October 18, 2011 — A 30-foot high stone sculpture monument honoring Dr. Martin Luther King, Jr. was dedicated on Sunday in Washington, DC.
Dr. King was the leading civil rights movement activist in the 1960’s, and used peaceful means to try to achieve racial equality for African-Americans. During that time, in many places, black people were kept separate (segregated) in daily life — by law — from the ‘white’ population, including not being allowed to attend the same schools, eat at the same restaurants, or drink from the same water fountains. African-Americans, including children, were also targets of terrible violence.
Dr. King’s efforts included leading marches which increasingly grew in support and size. In 1963, on the steps of the Lincoln Memorial (near where his own memorial now stands) he gave his famous “I Have a Dream” speech during his March on Washington for Jobs and Freedom. Nearly 200,000 people attended and it became one of the defining moments of the movement. You can see an excerpt of it here.
Dr. King was killed in 1968 because of the work he was doing and the progress he was making. He was just 39 years old. To watch a brief biography of Dr. King, click below:
The memorial sculpture of Dr. King is called the Stone of Hope, after a line in his “I Have a Dream” speech where he said, “With this faith we will be able to hew out of the mountain of despair a stone of hope.” Dr. King’s likeness represents the stone of hope while two huge pieces of stone from either side of the sculpture of Dr. King, at the entrance, represent the mountains of despair. Some of Dr. King’s famous quotes are inscribed in stone as well. For a 3-D interactive graphic of the memorial by the Washington Post, please click here.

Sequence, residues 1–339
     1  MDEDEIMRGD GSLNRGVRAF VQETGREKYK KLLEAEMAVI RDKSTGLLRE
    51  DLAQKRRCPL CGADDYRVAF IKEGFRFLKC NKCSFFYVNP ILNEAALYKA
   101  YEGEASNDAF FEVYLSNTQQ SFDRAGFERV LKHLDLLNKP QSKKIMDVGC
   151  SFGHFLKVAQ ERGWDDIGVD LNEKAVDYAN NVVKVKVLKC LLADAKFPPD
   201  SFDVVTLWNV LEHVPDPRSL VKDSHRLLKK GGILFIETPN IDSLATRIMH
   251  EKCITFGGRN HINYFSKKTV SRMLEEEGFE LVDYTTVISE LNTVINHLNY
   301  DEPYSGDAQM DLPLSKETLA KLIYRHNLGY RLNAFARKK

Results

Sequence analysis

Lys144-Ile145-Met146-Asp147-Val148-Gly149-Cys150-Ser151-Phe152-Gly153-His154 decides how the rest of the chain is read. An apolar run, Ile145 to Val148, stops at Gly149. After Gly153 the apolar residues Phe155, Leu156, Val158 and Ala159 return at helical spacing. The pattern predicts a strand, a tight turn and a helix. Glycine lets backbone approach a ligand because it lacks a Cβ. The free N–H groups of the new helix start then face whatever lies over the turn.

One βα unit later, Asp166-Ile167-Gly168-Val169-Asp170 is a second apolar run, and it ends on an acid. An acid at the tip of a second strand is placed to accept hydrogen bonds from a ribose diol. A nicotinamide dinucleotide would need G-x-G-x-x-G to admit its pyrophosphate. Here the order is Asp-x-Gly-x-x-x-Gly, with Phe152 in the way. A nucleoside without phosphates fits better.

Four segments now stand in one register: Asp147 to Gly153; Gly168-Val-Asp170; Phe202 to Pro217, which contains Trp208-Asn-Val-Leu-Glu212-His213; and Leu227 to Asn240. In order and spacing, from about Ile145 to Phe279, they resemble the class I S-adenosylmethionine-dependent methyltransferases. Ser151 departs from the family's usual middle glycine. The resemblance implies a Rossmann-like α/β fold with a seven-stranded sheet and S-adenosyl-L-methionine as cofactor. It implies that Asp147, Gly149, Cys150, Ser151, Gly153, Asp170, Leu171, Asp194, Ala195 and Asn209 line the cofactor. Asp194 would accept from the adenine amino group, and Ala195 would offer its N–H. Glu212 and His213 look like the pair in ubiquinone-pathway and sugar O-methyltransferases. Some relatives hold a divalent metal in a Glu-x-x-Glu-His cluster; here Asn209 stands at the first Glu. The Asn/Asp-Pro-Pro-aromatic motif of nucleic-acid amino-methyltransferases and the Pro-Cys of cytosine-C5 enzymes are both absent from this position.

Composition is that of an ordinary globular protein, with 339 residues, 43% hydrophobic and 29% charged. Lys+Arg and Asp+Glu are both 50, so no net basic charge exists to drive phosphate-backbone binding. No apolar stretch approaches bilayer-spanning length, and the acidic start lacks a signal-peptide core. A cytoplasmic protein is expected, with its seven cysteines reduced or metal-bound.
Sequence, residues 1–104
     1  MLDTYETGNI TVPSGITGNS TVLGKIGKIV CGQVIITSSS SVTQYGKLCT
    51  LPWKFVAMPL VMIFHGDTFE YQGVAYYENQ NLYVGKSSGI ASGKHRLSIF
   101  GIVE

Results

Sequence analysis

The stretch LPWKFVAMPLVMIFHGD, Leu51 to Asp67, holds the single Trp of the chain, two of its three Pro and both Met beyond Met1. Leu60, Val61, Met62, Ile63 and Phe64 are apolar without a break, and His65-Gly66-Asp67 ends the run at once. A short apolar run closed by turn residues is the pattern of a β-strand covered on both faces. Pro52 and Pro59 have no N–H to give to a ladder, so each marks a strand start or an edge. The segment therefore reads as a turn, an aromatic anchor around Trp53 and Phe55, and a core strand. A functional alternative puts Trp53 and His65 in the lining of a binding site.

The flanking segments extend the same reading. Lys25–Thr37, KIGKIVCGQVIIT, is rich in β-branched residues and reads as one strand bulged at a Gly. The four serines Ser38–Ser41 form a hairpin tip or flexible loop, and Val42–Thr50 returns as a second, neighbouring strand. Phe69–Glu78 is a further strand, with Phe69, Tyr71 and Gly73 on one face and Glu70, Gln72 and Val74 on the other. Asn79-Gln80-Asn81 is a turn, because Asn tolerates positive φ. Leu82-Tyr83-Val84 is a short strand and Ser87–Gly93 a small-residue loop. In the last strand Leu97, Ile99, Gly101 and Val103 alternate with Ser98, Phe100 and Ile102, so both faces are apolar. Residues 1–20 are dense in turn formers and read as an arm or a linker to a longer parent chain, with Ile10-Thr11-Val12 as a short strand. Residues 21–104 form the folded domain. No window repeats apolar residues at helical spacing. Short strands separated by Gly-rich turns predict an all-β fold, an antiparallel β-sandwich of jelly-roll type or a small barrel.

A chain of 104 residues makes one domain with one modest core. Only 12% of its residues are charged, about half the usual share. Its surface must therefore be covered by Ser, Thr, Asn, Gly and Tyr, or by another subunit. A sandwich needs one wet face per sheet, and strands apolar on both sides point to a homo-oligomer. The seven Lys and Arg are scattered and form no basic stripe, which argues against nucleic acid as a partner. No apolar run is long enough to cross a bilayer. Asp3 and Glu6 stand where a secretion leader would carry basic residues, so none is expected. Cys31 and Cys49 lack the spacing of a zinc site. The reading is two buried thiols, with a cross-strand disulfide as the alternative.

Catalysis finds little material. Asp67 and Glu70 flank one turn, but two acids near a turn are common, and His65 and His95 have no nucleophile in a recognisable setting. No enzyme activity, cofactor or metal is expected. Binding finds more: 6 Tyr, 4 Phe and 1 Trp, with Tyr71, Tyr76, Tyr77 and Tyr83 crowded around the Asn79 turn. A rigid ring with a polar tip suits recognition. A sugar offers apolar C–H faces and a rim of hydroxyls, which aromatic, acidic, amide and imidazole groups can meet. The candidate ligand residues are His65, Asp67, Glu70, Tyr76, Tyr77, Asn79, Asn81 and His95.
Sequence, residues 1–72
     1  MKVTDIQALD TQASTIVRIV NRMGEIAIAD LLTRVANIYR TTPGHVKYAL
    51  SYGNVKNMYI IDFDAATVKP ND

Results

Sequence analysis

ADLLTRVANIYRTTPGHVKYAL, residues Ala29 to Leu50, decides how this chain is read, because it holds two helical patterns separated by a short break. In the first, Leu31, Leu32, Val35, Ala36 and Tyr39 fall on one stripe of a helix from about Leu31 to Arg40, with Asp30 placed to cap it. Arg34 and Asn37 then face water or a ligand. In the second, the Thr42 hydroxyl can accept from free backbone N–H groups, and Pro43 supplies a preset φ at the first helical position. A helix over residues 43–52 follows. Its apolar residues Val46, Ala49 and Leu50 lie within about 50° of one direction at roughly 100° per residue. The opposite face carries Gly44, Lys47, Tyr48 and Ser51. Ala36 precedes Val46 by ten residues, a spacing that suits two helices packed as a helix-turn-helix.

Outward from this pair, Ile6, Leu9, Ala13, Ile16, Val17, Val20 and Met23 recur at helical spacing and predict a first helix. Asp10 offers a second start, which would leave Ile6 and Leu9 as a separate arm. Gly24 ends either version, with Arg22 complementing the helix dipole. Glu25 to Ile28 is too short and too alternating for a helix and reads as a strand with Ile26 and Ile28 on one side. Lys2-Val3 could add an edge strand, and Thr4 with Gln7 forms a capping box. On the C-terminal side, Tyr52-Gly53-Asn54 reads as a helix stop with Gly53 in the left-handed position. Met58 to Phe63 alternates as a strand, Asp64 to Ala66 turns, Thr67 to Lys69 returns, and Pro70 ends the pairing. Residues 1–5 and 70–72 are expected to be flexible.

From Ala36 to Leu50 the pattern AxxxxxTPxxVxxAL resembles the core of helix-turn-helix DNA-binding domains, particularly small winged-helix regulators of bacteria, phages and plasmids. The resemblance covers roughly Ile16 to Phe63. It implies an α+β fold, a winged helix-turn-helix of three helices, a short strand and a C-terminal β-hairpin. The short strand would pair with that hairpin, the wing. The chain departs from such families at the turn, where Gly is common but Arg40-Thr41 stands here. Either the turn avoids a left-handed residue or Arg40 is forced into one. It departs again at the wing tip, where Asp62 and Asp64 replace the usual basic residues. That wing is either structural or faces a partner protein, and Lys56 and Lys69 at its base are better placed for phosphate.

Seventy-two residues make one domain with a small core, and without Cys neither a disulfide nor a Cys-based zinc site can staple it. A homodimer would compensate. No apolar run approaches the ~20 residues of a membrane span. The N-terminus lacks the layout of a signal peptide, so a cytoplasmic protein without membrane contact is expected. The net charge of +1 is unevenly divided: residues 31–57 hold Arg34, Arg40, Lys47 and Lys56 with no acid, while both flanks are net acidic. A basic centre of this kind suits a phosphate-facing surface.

President Obama, our nation’s first black president, spoke at the dedication . Mr. Obama has often credited Dr. King for making it possible for an African-American to be elected president. President Obama was six years old when Dr. King was assassinated. The memorial is also the first to honor an African-American in the area of the National Mall where other leaders are honored. To watch an Associated Press overview video of the event, click here.
President Obama, Dr. King’s family, guest speakers, and those who lived through the civil rights era who were at Sunday’s dedication, agreed that while the country has come a long way in terms of racial equality, it still has a long way to go.
Carolyn Bledsoe, now 70-years old and a retired teacher recalled, in a New York Times interview, being turned away from a McDonald’s restaurant because she was black. Ms. Bledsoe took part in Dr. King’s 1963 March on Washington event and was present at Dr. King’s dedication on Sunday. She told the New York Times: “Some days I feel like we’re at the beginning. Some days I feel like we’re in the middle. But I never feel like we’re at the end.”